By Sophie Williams
It can be confusing when words in English have similar sounds and spellings but different meanings. ‘Last’, ‘latter’ and ‘latest’ are a perfect example. Even my university students have trouble with these words. Here are some quick examples to help you remember how and when to use them.
‘Last’ is fairly easy to understand. Put simply, ’last’ is the opposite of first.
– “He came last at the Badminton tournament.”
– “She was the last to arrive for dinner.”
It can also be used to discuss time in the past:
– “I went to Shanghai last week.”
– “Last month she went to summer school.”
Now let’s take a look at ‘latter’. It can be used to describe something occurring near the end, or belonging to the final stages. For example:
– “Fashion became more colourful in the latter half of the decade.”
It can also be used to refer to the last item in a series:
Person A: “There are so many different opinions on the film. Some people say that the film was good, some say it was OK, terrible or even the worst thing ever.”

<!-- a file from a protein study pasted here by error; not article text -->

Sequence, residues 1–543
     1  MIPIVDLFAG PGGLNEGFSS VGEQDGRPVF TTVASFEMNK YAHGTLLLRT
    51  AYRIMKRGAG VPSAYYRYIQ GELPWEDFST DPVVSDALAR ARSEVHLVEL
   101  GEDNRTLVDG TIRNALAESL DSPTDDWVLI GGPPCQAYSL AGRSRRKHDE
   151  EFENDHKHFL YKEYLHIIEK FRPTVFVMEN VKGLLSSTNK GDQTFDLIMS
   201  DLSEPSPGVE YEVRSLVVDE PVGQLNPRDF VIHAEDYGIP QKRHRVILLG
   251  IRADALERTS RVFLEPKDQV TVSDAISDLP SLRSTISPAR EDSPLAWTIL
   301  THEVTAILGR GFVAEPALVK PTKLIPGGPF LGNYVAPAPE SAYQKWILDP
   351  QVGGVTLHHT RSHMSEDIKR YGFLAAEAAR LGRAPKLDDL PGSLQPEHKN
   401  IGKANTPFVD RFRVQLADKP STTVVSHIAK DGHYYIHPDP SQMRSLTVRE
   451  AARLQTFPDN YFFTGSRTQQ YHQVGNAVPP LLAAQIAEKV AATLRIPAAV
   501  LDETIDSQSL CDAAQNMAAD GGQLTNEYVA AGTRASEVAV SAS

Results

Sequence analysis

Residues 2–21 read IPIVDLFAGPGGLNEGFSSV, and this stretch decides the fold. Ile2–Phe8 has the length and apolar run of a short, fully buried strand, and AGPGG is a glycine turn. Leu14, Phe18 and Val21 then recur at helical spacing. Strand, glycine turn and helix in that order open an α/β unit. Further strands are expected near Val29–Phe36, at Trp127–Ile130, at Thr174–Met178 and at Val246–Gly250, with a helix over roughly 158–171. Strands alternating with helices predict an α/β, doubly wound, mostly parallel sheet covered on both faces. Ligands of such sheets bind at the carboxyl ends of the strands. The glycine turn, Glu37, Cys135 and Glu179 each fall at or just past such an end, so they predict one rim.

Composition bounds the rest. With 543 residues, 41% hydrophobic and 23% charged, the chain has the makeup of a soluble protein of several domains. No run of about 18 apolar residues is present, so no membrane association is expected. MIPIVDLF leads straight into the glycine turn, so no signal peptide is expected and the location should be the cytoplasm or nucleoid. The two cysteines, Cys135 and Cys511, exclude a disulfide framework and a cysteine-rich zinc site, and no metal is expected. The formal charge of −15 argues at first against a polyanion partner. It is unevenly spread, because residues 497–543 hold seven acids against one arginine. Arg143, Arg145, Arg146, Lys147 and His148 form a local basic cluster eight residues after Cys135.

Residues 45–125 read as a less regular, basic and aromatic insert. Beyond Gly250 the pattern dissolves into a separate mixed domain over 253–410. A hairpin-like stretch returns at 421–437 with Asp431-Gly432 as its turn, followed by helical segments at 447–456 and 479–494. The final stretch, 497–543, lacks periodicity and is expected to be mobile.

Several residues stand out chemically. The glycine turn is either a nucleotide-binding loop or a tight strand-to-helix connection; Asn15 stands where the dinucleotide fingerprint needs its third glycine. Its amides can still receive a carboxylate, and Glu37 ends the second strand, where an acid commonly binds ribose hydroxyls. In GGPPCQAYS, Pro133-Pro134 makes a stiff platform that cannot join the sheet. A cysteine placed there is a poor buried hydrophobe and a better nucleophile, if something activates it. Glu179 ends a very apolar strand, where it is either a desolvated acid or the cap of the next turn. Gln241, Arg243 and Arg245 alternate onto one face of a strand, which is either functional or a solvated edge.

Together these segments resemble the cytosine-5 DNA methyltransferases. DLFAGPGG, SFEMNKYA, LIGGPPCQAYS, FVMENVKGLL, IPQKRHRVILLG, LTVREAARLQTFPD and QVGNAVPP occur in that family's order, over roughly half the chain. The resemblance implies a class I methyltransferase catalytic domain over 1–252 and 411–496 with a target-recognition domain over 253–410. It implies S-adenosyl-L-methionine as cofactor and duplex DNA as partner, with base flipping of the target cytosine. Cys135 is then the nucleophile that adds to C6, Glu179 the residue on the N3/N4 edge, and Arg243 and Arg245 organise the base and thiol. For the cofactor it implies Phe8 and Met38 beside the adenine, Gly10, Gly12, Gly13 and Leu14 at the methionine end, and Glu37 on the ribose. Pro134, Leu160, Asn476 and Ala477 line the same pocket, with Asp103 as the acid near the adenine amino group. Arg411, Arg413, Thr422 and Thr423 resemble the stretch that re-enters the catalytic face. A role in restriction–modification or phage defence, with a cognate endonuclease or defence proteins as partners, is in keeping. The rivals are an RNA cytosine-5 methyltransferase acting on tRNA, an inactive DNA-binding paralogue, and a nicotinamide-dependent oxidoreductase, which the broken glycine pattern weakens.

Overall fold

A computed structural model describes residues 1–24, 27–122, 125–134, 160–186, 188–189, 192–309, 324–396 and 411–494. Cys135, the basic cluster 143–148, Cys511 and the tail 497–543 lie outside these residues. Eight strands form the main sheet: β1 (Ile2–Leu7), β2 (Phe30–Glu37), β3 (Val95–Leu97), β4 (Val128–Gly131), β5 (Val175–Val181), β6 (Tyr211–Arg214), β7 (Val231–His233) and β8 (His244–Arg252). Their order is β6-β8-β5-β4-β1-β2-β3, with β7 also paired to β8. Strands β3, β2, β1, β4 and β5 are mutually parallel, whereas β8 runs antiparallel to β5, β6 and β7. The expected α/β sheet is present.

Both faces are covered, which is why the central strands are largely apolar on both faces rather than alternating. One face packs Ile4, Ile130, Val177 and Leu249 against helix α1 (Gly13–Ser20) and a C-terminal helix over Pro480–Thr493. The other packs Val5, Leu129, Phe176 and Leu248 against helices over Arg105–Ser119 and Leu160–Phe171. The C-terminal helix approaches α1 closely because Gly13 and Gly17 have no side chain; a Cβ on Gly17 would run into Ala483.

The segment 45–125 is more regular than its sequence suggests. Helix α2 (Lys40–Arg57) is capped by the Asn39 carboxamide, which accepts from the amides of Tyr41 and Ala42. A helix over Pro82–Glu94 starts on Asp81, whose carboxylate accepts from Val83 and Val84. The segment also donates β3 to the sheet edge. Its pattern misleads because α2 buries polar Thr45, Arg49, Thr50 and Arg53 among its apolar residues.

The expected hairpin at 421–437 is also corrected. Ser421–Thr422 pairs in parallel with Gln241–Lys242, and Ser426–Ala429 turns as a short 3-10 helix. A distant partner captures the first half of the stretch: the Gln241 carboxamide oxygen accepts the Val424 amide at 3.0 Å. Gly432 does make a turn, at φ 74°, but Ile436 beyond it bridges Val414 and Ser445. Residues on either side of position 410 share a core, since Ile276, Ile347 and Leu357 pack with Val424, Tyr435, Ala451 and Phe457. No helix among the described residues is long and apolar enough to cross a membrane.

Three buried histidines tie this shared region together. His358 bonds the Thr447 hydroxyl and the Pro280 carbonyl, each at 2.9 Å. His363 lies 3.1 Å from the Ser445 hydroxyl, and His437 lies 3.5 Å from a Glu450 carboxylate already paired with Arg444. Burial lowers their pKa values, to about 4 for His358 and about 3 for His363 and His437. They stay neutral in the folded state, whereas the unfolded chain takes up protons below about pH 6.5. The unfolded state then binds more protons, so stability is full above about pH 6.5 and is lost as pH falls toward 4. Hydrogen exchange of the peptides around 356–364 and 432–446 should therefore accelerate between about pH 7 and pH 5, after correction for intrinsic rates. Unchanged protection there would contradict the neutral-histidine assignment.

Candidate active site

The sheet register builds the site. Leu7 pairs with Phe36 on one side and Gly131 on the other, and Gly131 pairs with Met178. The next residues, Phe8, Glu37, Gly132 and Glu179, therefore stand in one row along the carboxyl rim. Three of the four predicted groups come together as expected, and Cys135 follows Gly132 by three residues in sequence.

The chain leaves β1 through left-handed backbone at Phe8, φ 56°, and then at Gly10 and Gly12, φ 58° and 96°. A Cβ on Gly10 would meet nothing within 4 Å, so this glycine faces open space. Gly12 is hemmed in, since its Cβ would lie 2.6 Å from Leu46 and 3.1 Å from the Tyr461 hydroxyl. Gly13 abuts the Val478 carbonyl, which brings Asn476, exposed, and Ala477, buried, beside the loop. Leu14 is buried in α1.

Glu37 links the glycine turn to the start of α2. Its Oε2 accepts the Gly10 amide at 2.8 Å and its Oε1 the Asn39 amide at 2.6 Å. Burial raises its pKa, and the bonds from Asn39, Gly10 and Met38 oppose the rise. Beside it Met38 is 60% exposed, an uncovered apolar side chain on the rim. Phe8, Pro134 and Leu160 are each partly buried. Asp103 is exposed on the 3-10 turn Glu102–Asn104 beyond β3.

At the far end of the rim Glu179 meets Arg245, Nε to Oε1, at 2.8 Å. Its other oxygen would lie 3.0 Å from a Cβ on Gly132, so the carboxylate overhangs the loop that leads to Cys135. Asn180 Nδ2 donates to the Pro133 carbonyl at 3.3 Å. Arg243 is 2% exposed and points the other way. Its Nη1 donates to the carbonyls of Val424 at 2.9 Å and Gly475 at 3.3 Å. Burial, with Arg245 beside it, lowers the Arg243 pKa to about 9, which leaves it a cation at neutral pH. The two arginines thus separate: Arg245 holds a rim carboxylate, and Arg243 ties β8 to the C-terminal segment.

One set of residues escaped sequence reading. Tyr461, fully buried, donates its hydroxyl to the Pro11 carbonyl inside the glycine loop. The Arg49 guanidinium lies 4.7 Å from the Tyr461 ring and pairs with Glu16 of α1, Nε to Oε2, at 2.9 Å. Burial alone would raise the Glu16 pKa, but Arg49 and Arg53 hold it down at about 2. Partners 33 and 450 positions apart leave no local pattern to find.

Person B: “I agree with the latter.“
This means that person B agrees with people who think that the film is the ‘worst thing’ they have ever seen.
‘Latest’ means most recent. It is often used to discuss news. For instance:
– “Here is the latest news from China.”
Here are some more examples:
– “The chairman was the latest to announce his resignation.”
– “She’s interested in the latest music from Korea.”
When fully understood, these words are easy to differentiate from each other. With a little practice, you will get to a stage where you are comfortable using them in your everyday speech.
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